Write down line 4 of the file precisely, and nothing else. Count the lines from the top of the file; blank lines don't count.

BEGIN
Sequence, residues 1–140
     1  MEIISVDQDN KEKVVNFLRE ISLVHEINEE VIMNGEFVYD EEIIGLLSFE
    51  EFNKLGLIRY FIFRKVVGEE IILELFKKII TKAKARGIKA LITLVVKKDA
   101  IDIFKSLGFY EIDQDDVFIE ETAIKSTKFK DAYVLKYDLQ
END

   101  IDIFKSLGFY EIDQDDVFIE ETAIKSTKFK DAYVLKYDLQ